International Tiger Day: A rescued tiger cub gets 're-wilding' lessons in Kerala forest

The enclosure would be widened in the later period as per the cub learning the hunting and survival skills

International Tiger Day: A rescued tiger cub gets 're-wilding' lessons in Kerala forest

Photo for representation only. — File photo

Thiruvananthapuram, July 28

With bad hind-limbs and cloudy eyes, she was too feeble when found abandoned by her mother near a forest temple on the Kerala-Tamil Nadu border last year.

From that frail 60-day-old tiger cub, 'Mangala', fondly being called as by the forest personnel who rescuedand nursed her back to health, is now ready to learn the basics of survival and hunting skills in the sprawling Periyar Tiger Reserve (PTR), located in the Western Ghats.

When the International Tiger Day falls on Thursday (July 29), a group of forest personnel, under the aegis of PTR deputy director Sunil Babu, would begin the 're-wiliding' process of the female tiger cub in the reserve forest, spread over 777 km, tomorrow.

The PTR, currently, has 42 tigers, as per the figures.

The nearly nine-month-old animal, which was reared in these months under the watchful eyes of the forest officials, would be given training to go back to her wild nature as per the protocol of the National Tiger Conservation Authority (NTCA), Babu said.

"Re-wilding is a process to familiarize the animal with the environment of a natural forest. It will learn the hunting and other survival skills as part of the procedure under our observation," he told PTI.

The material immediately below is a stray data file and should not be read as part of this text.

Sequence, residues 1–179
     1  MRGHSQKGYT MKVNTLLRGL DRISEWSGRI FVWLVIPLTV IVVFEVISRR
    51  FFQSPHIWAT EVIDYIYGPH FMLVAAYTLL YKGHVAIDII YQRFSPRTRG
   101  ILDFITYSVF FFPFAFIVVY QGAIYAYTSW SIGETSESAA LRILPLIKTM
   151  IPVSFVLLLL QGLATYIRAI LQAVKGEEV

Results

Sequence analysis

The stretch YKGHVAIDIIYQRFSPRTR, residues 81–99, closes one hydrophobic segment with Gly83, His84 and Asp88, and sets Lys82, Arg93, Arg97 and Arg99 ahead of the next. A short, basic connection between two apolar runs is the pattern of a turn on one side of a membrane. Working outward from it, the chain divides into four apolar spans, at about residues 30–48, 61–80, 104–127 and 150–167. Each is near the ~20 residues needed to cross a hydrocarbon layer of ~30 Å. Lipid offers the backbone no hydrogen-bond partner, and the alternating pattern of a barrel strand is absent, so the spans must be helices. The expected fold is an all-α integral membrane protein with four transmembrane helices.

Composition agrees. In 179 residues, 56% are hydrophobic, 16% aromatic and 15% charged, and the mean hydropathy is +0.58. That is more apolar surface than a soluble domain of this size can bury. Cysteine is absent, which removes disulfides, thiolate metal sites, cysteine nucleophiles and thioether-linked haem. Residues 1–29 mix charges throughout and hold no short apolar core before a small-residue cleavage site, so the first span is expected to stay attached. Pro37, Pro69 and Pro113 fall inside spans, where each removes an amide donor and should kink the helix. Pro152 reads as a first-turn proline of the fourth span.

According to the NTCA protocol, thetiger cub should be reared in an in situ enclosure for a minimum of two years.

"Normally, the animal would be released in the original forest after two years of re-wilding. Here, we will decide about its release after observing the nature and health condition of the animal," he said.

Though the tiger cub was too fragile with bad hind-limbs and poor eye sight when it was rescued, the animal is perfectly healthy now, the official added.

As part of the re-wilding process, the baby big cat would be shifted to a 'cage' which is spread in a nearly half-hectares of forest land inside the PTR.

The enclosure would be widened in the later period as per the cub learning the hunting and survival skills.

Fencing would be erectedconsidering the safety of the animal and it would be under strict camera surveillanceof the forest personnel throughout the day and night.

"The core objective of the procedure is to restore the wild nature of the animal which was reared under captivity for some period and make it self-reliant to live in an original forest," he said.

Though the animal would be given some feed like domestic animals such as goat in the initial period, it is expected to learn hunting down prey in the later days.

"To give maximum feel of the original natural forest, the human presence in the enclosure will be made nil in the later months," the official said.

Though it is an expensive procedure, the exact cost is yet to be estimated, he added.

The tiger cub was suspected to have been abandoned by its mother, but officials spotted the tigress lurking around the Mangala Devi shrine in Periyar Tiger Reserve, nearly a week after it was rescued on November 21 last year.

Officials believed the cub was left alone in the wild when the tigress engaged in a fierce internecine combat of tigers in the forest.

Two wildlife doctors had been deployed to save the cub, whichcould hardly stand and if left abandoned, could have died, Department sources said.

All Standard Operating Procedures of the National Tiger Conservation Authority were followed in rescue, they added. — PTI

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